My other "City Evening" paintings are smaller- 16x20 - but I felt this called for a larger canvas so it is 20x30. Painted last year - this year is too  new for completed paintings!  Alas, Honest Eds has now closed - and the signs here show some burnt-out bulbs as things were headed in that direction at the time of this reference shot. I always am drawn to reflections so I liked the reflected lights on the wet pavement contrasting with the pedestrians almost only as silhouettes. I also liked the fact that there would be a story with each person. Were they shopping -or just heading home from work? My other "City Evening" paintings are on earlier blogs - I'm not sure if I will do more later or not- it is interesting to try to have both the cool of a winter evening and yet some warmth to the painting. There is definitely more working with tonal contrast, than say, a Spring garden scene. Yet, this is the reality of winter in a city and we all know what it feels like!

Sunday, December 31, 2017

Christmas Elf

Well, here is another "long pose" from the last Friday session before Christmas. Since we are still in the "holiday season", I thought I could still post a pastel of an elf. Again, this is my multi-media process that I am working on - first the sketch in one colour of hard pastel on watercolour paper.  Then colour washes with three primaries in acrylic. Blow-dryer--- then apply acrylic pastel ground medium... this is quite gritty. Blow dry again -- then work in pastels. Each time is a little different - not just the model and the pose, but also how I mix and blend the paint layer. The pastels are different on a coloured surface, of course, and different as the under-colours vary. I'm enjoying trying out different effects each time. I'm not sure where I am going with this, but I just got some more watercolour paper and I intend to keep working on more figure drawings with this technique. Another bonus is that sheets of paper don't take up a lot of room.

Sunday, December 17, 2017

Lots of red!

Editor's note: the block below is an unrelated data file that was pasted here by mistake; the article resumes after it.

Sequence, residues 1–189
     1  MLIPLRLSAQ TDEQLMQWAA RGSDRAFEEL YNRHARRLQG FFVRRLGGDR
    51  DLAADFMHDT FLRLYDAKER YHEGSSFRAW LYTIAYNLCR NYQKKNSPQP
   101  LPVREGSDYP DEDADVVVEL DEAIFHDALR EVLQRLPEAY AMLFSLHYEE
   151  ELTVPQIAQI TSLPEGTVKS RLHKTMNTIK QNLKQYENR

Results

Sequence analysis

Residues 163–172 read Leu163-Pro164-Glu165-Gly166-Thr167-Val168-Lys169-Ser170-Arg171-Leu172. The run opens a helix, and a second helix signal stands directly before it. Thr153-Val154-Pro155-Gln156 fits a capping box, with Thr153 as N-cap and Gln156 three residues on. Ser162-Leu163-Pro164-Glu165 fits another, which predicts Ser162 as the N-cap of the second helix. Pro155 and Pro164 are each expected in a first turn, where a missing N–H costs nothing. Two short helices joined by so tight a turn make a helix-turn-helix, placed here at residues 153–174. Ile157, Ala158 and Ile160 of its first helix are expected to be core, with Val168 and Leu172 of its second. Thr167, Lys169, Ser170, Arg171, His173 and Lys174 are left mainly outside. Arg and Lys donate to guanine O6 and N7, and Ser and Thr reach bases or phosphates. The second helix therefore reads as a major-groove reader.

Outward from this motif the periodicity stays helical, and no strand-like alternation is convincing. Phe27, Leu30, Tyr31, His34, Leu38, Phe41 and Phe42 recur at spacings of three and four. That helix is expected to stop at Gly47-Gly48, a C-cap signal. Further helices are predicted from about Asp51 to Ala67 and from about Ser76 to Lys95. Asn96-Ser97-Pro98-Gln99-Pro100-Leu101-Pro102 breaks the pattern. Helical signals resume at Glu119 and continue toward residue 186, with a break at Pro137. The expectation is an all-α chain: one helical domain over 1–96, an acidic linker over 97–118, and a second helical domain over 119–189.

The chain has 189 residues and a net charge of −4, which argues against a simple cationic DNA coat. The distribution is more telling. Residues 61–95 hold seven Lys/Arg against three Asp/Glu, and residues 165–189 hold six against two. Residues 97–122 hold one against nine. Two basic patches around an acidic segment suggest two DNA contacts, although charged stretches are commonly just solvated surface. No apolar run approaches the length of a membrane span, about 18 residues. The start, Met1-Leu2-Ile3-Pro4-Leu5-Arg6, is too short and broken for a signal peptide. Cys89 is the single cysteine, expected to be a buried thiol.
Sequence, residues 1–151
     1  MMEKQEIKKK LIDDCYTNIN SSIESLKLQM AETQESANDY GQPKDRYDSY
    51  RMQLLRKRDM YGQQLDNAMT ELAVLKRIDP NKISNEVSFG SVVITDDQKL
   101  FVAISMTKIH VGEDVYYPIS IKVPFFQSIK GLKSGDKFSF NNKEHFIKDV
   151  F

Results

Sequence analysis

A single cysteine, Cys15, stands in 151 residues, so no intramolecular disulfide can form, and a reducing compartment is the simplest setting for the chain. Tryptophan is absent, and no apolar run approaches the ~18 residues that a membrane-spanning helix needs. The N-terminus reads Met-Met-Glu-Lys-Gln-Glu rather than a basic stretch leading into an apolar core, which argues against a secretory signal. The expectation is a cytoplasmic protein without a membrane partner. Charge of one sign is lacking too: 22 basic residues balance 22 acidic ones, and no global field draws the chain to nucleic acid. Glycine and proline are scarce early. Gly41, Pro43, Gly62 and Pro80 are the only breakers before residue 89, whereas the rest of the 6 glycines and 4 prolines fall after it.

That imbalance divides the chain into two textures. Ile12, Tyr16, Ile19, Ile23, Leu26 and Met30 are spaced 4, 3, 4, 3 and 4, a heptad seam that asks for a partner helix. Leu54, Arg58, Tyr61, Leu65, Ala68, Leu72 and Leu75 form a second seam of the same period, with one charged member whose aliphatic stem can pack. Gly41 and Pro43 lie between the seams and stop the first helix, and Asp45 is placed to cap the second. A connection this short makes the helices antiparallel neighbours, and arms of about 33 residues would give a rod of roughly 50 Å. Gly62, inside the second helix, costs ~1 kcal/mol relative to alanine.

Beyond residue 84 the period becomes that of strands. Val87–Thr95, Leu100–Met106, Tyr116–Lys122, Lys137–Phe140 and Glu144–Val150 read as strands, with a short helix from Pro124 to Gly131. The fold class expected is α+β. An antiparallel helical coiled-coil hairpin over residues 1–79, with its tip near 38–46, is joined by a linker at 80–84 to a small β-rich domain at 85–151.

Well, here is the painting with the most red I have ever put into a painting! On the other hand, I have never painted a poinsettia before. This all started as I was mulling  over what paintings to use on my Christmas card. When I was given a poinsettia, it seemed a natural to have it for the cover painting- the only problem was that the painting had not been painted. I also had the inspiration of two trial tubes of "cadmium red medium" from Liquitex. They were just marked "1" and "2" and one was truly cadmium-based but the other is a new development that eliminated the toxic cadmium and was said to be a very durable replacement. I tried out the two and got some friends to try too - and we could not tell any difference in how the paint handled. This is a terrific step forward for good opaque reds, orange, and yellows in eliminating toxins. Paint manufacturers are always working for improvements. When Van Gogh painted his yellows, they were not permanent and dis-coloured over the years. Cadmiums were a "permanent" replacement but now they will be replaced too. This has happened with many colours over the years- arsenic is no longer used in greens and expensive lapis-lazuli was no longer needed when ultramarine blue was developed. Liquitex, interestingly enough, was the first developer of acrylic paint for fine arts. It was developed after latex paints came into use for house paints... and that, of course, was so toxic lead could be eliminated from house paints. So, bit by bit, some toxins are being eliminated.